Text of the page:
A passion for golf runs deep in the Thomas family. Justin Thomas may be a top golfer, but he is not the only one with serious game.
Mike Thomas, Justin’s father, is a golf pro at a Kentucky course. Mike also has been involved with the PGA at a variety of levels including their attempts to help grow the sport. Justin’s grandfather, Paul Thomas, once played in the U.S. Open, and has competed in a variety of tournaments. Justin’s mother, Jani Thomas, loves watching Justin play so much she often travels to tournaments to be with her son.
Justin grew up on the golf course playing golf with his father and grandfather. Mike has admitted he tries to stay out of his son’s way, and is not always quick to offer advice.
“I’ll play four holes and I’ll be hitting it terrible. I’ll [say], ‘Hello, what am I doing?’” Justin told PGATour.com. “He’ll say, ‘You didn’t ask me.’ I’m like, ‘I thought you’d get the hint when I’m re-teeing on every hole.’”
Learn more about the Thomas family.
1. Justin’s Father, Mike, Is the Golf Pro at Harmony Landing in Kentucky
Mike admits that many of the members approach him wanting to hear stories about his son. Justin’s Alabama golf coach, Jay Seawell, has noted how much of an impact Mike has had on his son’s golf game.
“Mike gave him a … love of playing. He didn’t make him a lover of golf swings,” Seawell told PGATour.com. “Mike did a great job of making Justin love Nos. 1-18. He was always on the golf course, playing with his dad. I think the more you play, the more you value the score.”
2. His Mother, Jani, Gets Nervous Watching the Tournaments at Home & Often Travels With Justin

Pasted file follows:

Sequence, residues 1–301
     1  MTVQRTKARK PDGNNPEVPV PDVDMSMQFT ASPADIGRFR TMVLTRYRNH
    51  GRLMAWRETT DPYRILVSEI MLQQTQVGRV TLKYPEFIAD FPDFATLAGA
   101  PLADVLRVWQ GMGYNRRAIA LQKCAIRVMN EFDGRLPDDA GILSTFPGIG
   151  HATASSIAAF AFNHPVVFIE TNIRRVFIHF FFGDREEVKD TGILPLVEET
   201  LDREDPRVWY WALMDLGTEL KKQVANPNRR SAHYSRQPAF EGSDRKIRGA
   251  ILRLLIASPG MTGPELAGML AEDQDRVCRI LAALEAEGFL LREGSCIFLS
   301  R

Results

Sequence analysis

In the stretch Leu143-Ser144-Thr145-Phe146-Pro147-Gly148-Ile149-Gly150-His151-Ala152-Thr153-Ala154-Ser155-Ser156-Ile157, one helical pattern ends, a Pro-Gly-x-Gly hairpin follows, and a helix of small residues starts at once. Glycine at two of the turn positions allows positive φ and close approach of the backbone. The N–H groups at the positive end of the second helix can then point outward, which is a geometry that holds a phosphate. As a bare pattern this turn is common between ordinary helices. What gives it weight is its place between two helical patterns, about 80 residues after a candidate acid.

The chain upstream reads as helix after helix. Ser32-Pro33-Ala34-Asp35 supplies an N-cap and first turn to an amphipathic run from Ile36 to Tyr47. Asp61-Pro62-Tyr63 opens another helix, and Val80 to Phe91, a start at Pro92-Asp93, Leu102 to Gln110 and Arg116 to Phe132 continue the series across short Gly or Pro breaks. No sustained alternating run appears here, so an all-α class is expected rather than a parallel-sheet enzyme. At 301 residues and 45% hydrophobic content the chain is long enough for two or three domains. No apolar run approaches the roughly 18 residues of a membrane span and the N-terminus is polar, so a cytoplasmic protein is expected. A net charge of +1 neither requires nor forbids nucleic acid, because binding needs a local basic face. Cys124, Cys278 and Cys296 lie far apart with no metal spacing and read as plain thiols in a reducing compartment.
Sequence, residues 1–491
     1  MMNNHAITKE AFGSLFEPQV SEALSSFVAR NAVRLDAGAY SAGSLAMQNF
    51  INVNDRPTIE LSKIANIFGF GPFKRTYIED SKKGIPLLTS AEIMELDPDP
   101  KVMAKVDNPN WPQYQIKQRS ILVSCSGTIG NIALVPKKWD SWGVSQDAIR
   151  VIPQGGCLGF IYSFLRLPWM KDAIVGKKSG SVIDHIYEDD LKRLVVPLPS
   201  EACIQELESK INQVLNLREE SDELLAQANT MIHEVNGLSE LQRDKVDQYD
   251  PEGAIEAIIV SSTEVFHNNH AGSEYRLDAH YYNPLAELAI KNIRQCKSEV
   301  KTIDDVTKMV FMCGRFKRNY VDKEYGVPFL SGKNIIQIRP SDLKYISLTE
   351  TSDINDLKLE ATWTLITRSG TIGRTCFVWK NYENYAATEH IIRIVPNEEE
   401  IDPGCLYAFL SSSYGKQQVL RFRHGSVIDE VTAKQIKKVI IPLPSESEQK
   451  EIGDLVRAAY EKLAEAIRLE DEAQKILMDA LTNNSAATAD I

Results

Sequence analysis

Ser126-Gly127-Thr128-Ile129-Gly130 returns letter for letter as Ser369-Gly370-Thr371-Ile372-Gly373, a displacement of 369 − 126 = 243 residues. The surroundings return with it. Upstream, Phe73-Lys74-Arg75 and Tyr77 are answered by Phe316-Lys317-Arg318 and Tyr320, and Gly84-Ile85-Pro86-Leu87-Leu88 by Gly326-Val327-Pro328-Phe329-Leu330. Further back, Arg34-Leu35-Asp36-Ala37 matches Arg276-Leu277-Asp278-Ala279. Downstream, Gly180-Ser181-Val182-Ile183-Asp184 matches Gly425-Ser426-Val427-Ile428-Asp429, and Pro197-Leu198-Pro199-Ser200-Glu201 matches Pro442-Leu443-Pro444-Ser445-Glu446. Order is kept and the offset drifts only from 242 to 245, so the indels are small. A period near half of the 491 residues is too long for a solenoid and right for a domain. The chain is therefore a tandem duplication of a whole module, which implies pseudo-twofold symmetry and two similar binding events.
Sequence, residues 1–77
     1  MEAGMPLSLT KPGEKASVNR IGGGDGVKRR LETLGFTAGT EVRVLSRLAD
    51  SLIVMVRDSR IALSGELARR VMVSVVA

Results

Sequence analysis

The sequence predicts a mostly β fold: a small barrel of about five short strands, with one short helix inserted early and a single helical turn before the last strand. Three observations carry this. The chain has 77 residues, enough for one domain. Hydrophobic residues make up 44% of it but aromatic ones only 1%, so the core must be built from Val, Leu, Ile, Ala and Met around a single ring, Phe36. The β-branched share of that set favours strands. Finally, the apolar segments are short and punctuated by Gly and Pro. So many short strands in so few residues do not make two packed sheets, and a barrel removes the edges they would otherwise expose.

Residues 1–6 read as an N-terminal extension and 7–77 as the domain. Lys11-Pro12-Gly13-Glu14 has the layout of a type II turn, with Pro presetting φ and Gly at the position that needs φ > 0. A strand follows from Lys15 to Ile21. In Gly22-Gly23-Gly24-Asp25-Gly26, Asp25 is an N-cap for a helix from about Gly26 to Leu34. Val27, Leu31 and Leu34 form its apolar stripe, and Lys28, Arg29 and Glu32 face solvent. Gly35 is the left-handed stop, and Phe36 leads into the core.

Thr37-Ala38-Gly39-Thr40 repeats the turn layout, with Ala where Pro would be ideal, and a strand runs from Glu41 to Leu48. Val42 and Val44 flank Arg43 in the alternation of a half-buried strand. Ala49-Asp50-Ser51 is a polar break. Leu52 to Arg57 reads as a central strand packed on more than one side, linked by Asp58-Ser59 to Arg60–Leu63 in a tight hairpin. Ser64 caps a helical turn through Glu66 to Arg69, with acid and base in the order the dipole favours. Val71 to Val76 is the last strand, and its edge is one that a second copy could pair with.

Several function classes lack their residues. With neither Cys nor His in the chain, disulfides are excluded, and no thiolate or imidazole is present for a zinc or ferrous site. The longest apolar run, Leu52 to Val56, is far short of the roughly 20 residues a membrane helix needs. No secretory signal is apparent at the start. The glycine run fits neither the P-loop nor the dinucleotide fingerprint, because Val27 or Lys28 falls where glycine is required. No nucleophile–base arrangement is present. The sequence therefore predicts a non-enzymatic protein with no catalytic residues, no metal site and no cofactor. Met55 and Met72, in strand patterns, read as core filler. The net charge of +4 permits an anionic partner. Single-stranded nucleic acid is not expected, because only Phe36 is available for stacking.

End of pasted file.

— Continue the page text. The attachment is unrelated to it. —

Justin’s mother has become his travel buddy. On a recent blog with Golf Digest, Justin noted his mother is not a big fan of watching the leaderboard at home.
“…She hates following on-line, so she travels with me a lot. She’ll even come to dinner with me and some of the other guys,” Justin wrote in Golf Digest.
Between his dad’s golf advice and his mom keeping him calm on the road, Justin’s parents help him perform at his best.
3. Justin’s Grandfather, Paul, Played in the U.S. Open & Was Once Paired With Arnold Palmer at a Champions Tour Event
There was a time when Justin’s grandfather, Paul, was the best golfer in the family. Justin may have that honor now, but his grandpa was quite the golfer in his prime. According to PGATour.com, he played in the 1962 U.S. Open, and placed 15th at the 1983 U.S. Senior Open.
Justin’s grandfather was modest when asked about his impact on Justin’s rise in golf.
“His dad nor I really pushed [Justin],” Paul told PGATour.com. “We more or less answered questions. I would say the most help I ever gave him was playing with him and talking to him. His dad is his only teacher, and that’s the way it should be.”
4. Justin Is Dating Jillian Wisniewski
Justin and Jillian have been seen at several public events including the 2017 Kentucky Derby. Justin posted the above photo while the couple was in Boston together.
A once single Justin admitted to Golf Digest that his status as a pro golfer has helped his dating life.
“Thomas says the increased attention he’s receiving from the ladies now that he’s playing for pay is at an 8 on a scale of 1-10. Although Thomas, 22, says he’s still single, he gives a grin and a ‘yeah’ when asked if ‘he’s doing well’,” Golf Digest writes.
5. Mike Has Been a Starter at the PGA Championship & Scorer at the Ryder Cup
In addition to his golf pro duties, Mike is connected to many different aspects of the sport. He served on the PGA of America’s national board from 2008 to 2010. Through this position, he has been a starter at the PGA Championship, and scorer at the Ryder Cup. According to PGATour.com, he also represented the PGA in Wales at the 2010 Ryder Cup.
Mike was also part of the PGA President’s Council on Growing the Game from 2007-2010. Despite his decorated history within the sport, Mike insists his son was mostly self-taught.
“I tell so many of my students that I’ve spent so much more time with you than I have with Justin,” Mike told PGATour.com. “I teach him very little. I always did teach him very little. I told him when he was 8 or 10 years old, ‘You know where I’m at if you need help, but if I’m teaching I may only have five minutes to give you.’ ”